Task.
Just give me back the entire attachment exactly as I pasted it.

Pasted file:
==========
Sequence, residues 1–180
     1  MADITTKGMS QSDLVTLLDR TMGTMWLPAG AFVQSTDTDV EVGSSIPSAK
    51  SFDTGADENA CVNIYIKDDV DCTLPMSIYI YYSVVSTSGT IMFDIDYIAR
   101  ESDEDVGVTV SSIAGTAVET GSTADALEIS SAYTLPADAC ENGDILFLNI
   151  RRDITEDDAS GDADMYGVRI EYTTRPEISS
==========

Sequence, residues 1–180
     1  MADITTKGMS QSDLVTLLDR TMGTMWLPAG AFVQSTDTDV EVGSSIPSAK
    51  SFDTGADENA CVNIYIKDDV DCTLPMSIYI YYSVVSTSGT IMFDIDYIAR
   101  ESDEDVGVTV SSIAGTAVET GSTADALEIS SAYTLPADAC ENGDILFLNI
   151  RRDITEDDAS GDADMYGVRI EYTTRPEISS